to guide them as they launch World War III) to the living room screen.
One-terabyte hard drives can hold 700 or 800 Roger Corman exploitation
films (although I don’t think he made that many) for under $300.
Together with the exploding number of online guides to genre films —
just today, I learned from the new io9 sci-fi blog
of a new site, bmovies.com
which streams dozens of the best and worst psychotronic films — they
make the Film Forum-in-the-Sky a tantalizingly real prospect.
New Media Literacy
So near, but so far. For here’s what I learned during my attempt to jerry-rig a home media server filled with cult movies:
- Too many codecs spoil the fun. There
simply are too many ways to encode movies and sounds, and no one
serving solution currently can take them all. Xbox 360 does a great job
streaming MP4’s and some XVID’s. Other XVID’s will freeze the system
and require continual reboots. Apple TV will only handle MP4’s —
forget about DIVX.
- You need to be 12 to figure this stuff out.
Working through the encoding/streaming incompatibilities took the
better part of a week and visits to several score Web sites — most of
which speak only Windows or Mac, few of which speak both. It’s easy
enough to learn that the VLC Player will play most codecs on your PC,
and that the Videohub app can transcode most formats into most other
formats. But after that, you’re on your own. I spent four hours over
the weekend trying to figure out why iTunes can change the metadata on
some MP4’s, while others it corrupts and renders unplayable in
Quicktime. The answer? I DON’T KNOW! That’s the point.
- Stuff clogs.
While Apple’s done a great job making media accessible to the masses,
Mac’s move into movies has been more than a little confusing,
especially when it comes to organizing libraries. Front Row — Mac’s
media center application — sources from one set of folders, iTunes
sources from a different set of folders, Apple TV appears to source
from yet a third set. Before you know it, you can have five or six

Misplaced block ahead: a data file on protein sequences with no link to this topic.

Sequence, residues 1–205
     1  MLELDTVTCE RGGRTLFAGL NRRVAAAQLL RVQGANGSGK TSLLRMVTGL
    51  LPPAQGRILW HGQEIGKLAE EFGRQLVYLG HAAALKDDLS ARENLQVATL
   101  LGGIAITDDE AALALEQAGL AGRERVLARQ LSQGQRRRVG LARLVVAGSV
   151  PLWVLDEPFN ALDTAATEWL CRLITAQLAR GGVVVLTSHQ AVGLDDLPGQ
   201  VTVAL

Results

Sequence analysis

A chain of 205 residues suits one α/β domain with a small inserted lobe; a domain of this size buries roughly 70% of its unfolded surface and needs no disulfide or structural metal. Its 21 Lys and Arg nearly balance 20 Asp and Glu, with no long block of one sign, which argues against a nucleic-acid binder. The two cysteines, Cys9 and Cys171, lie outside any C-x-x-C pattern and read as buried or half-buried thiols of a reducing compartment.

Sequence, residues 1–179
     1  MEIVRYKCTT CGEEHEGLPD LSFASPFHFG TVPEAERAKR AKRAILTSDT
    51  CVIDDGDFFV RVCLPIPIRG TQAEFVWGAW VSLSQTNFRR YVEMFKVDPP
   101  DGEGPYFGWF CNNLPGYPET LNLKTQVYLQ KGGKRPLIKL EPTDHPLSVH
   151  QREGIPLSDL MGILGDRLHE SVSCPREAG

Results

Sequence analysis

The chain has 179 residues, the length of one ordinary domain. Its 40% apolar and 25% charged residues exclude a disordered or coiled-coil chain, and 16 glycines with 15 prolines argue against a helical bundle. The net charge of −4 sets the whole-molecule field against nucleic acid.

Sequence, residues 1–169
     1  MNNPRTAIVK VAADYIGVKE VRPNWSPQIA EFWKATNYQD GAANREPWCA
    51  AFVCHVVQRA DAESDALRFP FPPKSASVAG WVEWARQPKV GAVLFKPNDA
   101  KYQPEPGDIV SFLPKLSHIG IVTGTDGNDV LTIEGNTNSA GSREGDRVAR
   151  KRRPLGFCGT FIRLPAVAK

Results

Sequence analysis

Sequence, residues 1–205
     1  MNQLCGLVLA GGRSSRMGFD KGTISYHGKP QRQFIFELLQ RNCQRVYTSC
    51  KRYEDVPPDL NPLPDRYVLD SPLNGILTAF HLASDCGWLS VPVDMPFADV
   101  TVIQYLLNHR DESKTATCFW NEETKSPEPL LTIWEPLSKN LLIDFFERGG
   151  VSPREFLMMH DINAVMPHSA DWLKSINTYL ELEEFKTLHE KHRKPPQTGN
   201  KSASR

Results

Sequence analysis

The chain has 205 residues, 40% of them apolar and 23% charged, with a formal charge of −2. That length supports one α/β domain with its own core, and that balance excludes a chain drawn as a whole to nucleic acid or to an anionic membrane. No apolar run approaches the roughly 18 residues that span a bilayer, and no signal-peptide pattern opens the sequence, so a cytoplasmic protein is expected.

different versions of the same film floating around various hard drives
(and taking up the limited space on the stingy Apple TV hard drive).
- Beware the bit rate. A 256kb bit rate may be perfectly adequate for streaming The Indestructible Man
(a faulty electric chair turns Lon Chaney Jr. into a monster who cannot
be killed), but it looks awful blown up for a 55-inch screen.
- Creatures crave features.
Fed by iTunes, music set a high standard for cultural gluttony. Music
collections would almost miraculously self-organize, pulling metadata
and album-cover photos from the CDDB, building playlists almost at
will. No such luck with film. There’s an open-source media center program for the Mac called Centerstage,
currently available in alpha, which pulls film descriptions directly
from the Internet Movie Database. Alas, it was among the several things
(including my permissions, damn it!) that didn’t survive the upgrade to
My dream? One box, one simple box, that will search, retrieve, label, organize, store, and
From the Web (not from a closed system). Which will handle DRM (for
everything out there). And — very important — that will eliminate the
terms “codec,” “bit rate,” “transcode,” and others akin from the
lexicon of entertainment.
I’ll wait. In the meantime, I’m going home to watch Glen or Glenda